Talk:Swedish cuisine

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The word "tradition" or "traditional" appears in this article 40 times. I think when discussion a nation's cuisine, it's a given that it stems from national tradition and, therefore, all 40 incidences of this word should probably be removed. (talk) 12:55, 5 March 2013 (UTC)


moving lists here

Sorry, why moving all this list from the article to the discussion? I was looking for pyttipanna, and could not find it in the article!!!
IMHO the list above should stay IN the article... --Adriano 17:13, 5 April 2006 (UTC)
The point of moving the list was to restructure it and integrate it into the article. The dishes would need some structure and explantory text, for instance Lutfisk is only eaten at christmas, while other dishes mentioned are only eated in certain regions: Surströmming (northern Sweden) , Pölsa ( I think this is northern Sweden too) , Palt (northern Sweden), etc. So the list should really be transformed into text, but I wasn't able to find any good references at the time. / Fred-Chess 23:20, 21 June 2006 (UTC)


The author of this section is spot on. The incompetent/illiterate 'defenders' need to get a life.

The text reads: "The importance of fish has governed population and trade patterns far back in history: due to the vast supply of fish, in particular herring, people settled on the east coast around present-day Stockholm, and on the west coast around present-day Gothenburg. These remain Sweden's most populated areas to this day."

This is not true, as Gothenburg is one of the youngest major cities in sweden.

Another one - at least misleading: this notion there are four meals per day. I strongly disagree. Moreover the term 'fika' is a part of the 'fikon' language - it is merely slang. It's the result of applying 'fikon' to 'kaffe', the word for coffee. 'Kaffe' in the fikon language becomes 'fikastukon' or 'fika' for short. It is incorrect to regard this - or the fourth meal - as an official integral part of Swedish life. And for that matter, Swedes 'fika' both in the mornings and the afternoons. (They're the largest per capita consumers of coffee in the world.)

And this: 'a hot meal is served at lunch as part of Sweden's welfare state'. Who wrote this nonsense?

And hjortronsylt is served at the Nobel Prize dinner? Since when? Seriously: this author is weaving a fairy tale and I would be very surprised to find said individual had even visited the country.

Kantareller are friend with onions and put on a sandwich? Where??!??

I take offence at the allusion meatballs are the most famous export. Famous to who?

'the anchovy here is not the genuine anchovy'? Who is this jerk?

- I'd like to see stats on Finns drinking more coffee. Having lived in both countries extensively (years and years and years) I know this too to be incorrect.

- Tetra Pak is not a manufacturer of only milk cartons. PUH-leeze!

- I believe Champis has been discontinued. (It is/was a commercial beverage.)

- Swedes don't drink Absolut - I know now this person is an idiot. Swedes drink EXPLORER as it is known locally, much the way Koskenkorva becomes Finlandia in the international marketplace.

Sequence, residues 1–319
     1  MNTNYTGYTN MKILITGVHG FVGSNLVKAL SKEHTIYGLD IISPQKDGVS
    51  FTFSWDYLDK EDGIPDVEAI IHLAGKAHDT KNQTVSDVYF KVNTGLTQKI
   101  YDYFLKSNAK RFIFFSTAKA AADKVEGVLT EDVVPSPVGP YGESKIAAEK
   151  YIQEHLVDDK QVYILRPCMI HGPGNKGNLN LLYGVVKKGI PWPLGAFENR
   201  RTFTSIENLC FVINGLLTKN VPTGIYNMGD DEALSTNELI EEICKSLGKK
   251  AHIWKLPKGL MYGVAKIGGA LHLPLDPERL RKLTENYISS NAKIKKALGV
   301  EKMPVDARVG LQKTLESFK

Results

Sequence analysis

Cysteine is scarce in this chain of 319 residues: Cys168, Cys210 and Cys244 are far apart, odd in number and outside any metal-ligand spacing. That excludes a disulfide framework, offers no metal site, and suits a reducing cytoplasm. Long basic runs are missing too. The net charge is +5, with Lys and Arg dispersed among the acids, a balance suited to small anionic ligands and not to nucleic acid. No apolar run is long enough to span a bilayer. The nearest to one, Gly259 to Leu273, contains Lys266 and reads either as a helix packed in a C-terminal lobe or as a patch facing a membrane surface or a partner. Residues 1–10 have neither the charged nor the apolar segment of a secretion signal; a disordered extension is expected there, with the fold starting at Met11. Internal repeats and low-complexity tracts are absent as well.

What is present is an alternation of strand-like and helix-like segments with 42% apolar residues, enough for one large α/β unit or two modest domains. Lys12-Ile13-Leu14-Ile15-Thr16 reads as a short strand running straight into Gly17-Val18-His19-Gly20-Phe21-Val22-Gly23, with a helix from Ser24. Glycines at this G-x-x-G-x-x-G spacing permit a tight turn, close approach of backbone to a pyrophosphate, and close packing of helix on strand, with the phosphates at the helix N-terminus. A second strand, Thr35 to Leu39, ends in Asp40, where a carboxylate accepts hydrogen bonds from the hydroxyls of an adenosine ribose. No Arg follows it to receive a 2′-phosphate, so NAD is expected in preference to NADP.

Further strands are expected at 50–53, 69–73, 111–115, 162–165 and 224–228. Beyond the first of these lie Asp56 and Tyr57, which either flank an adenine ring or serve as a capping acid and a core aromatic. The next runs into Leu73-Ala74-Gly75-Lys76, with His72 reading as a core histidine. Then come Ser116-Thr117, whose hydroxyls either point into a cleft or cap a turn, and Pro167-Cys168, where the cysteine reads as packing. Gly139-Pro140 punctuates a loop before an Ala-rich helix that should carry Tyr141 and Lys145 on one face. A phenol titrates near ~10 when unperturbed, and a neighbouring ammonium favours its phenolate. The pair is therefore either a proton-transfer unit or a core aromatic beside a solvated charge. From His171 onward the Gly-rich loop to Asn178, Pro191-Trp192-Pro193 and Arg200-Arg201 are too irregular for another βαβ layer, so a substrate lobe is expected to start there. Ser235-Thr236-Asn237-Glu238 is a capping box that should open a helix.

- The timing for semlor is all off.

In conclusion, it is obvious the author of this piece is either senile, psychotic, or both.

PS. Digging deeper, I see you actually employed (allowed) an EAST GERMAN and an ITALIAN to write this piece? Are you out of your minds too?

This piece should be removed and another by a qualified author (as in someone born and bred in Sweden and with family of at least several generations in Sweden) put in its place.

This is totally revolting. —Preceding unsigned comment added by (talkcontribs)

Please remain civil, this article (as well as most of Wikipedia) is maintained by vollenters, none of over 30 contributers of the article are employed by Wikipedia. Everyone is allowed to edit this article, unless they have been blocked for vandalization or uncivil behavor. If you can back up the statements above with refernences, please do so. And please try to do so without insulting the other editors and leaving racist remarks. --Eivindt@c 01:18, 21 June 2006 (UTC)

To the unsigned commentator
Please do not use nationality to judge someone's knowledge of a certain subject. I know many Swedes who can cook Italian dishes better than myself... Do not underestimate my (and anybody else's) culture...
I confirm that my income from contributing to wikipedia is equal to NIL, zero, nothing. Wikipedia is compiled on a volunteer basis. So, if you want to, you too can contribute in a civil manner.
Regards --Adriano 20:03, 21 June 2006 (UTC)
After laughing a little at the insipid remarks of, I looked up some of his complaints with a quick check on the internet and the articles seemes accurate enough, e.g. hjortron was a part of the dessert at the 2004 Nobel Prize Dinner; Finns drink most coffee in the world; and some of his other comments make little sense -- you can buy Absolut Vodka at the Systembolaget, etc. / Fred-Chess 23:08, 21 June 2006 (UTC)
I did however remove fika (coffee break) as a meal. This must have been someone's joke. / Fred-Chess 23:24, 21 June 2006 (UTC)
Yes, there is nothing "revolting" about this article. I am going to work on it and make some minor edits as I'm Swedish and love food. I'm also going to add an article for Toast Skagen, as it is a notable Swedish dish. Bufflo 17:39, 28 June 2006 (UTC)
Fika can also include some kind of pastry like a cinnamon bun, the "fikabröd". Also the meaning of fika has changed since it's origin and may now also refer to tea. If it's a meal or not is more difficult to say. That depends on how you define "meal". An nobody in their right mind drinks Explorer vodka. // Liftarn